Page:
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Let No One Deceive You 

Wednesday, Oct 6 1999
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"More perhaps than any other theater in America," wrote the San Francisco Chronicle in 1899, "the Tivoli made opera a democratic entertainment." That quote comes from The Threepenny Opera's program notes, and it's pertinent because the set for this newly translated production was modeled on the Tivoli Opera House, which collapsed in the earthquake of 1906. A wall broken by archways encloses the space where the Peachums and Macheath squabble over Polly; neon signs advertising naked girls and Chinese food flash on the brick, and a live orchestra plays from windows in the upper level. It looks cool -- decadent, run-down, elegant. And its evocation of Old San Francisco brings Brecht's satire vividly home to well-heeled audiences at the Geary.

The whole show is innovative, in fact, and well-performed. But does it do the one thing Brecht would have wanted -- the one thing that redeems this nasty bourgeois habit of putting on plays, of singing and bowing for applause while people starve? Does it make Threepenny a democratic entertainment? That's our question for the week.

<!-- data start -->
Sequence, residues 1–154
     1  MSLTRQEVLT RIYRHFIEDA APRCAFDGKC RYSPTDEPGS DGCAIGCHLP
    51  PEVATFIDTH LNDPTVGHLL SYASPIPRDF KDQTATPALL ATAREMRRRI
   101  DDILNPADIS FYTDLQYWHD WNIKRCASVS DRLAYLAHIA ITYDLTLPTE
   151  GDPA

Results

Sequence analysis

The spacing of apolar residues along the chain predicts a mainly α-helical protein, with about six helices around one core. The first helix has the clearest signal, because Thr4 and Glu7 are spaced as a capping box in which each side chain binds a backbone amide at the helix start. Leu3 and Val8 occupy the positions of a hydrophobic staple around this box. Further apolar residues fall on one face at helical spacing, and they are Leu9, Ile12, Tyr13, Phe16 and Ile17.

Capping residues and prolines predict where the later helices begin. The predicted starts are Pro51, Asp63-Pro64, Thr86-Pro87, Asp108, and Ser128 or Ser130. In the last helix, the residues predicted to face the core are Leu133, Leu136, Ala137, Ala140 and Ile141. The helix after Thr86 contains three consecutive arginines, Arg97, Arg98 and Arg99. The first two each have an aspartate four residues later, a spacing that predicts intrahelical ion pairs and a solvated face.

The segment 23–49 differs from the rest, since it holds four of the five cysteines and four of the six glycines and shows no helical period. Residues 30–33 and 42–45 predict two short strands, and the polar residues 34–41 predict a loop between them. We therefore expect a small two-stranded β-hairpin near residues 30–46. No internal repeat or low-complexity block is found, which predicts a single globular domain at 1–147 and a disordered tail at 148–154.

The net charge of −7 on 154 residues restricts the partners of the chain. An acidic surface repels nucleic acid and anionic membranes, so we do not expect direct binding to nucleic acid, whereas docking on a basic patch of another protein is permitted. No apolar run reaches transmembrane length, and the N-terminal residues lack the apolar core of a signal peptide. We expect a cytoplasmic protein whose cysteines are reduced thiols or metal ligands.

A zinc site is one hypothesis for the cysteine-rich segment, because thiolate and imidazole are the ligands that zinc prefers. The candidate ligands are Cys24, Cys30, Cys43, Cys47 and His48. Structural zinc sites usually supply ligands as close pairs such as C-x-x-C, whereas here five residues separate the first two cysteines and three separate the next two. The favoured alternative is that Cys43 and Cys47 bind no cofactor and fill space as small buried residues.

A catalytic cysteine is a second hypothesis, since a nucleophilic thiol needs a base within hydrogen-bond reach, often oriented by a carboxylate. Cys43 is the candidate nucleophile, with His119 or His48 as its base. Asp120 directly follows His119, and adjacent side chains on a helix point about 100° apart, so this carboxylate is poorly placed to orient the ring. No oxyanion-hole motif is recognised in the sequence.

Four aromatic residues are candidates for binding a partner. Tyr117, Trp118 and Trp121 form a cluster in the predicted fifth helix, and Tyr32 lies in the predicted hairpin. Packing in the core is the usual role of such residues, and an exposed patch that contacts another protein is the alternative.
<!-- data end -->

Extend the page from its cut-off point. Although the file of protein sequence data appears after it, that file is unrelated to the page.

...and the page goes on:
Bebe Neuwirth, as Jenny, strolls out in the first scene wearing an old-fashioned red teddy and fishnet stockings. Jenny has taken over the Street Singer's role in this production: She narrates, and does "Mack the Knife" in a hard, haunted cabaret voice; Neuwirth's black hair and white skin contrast in the spotlight with a starkness that matches her deadpan manner.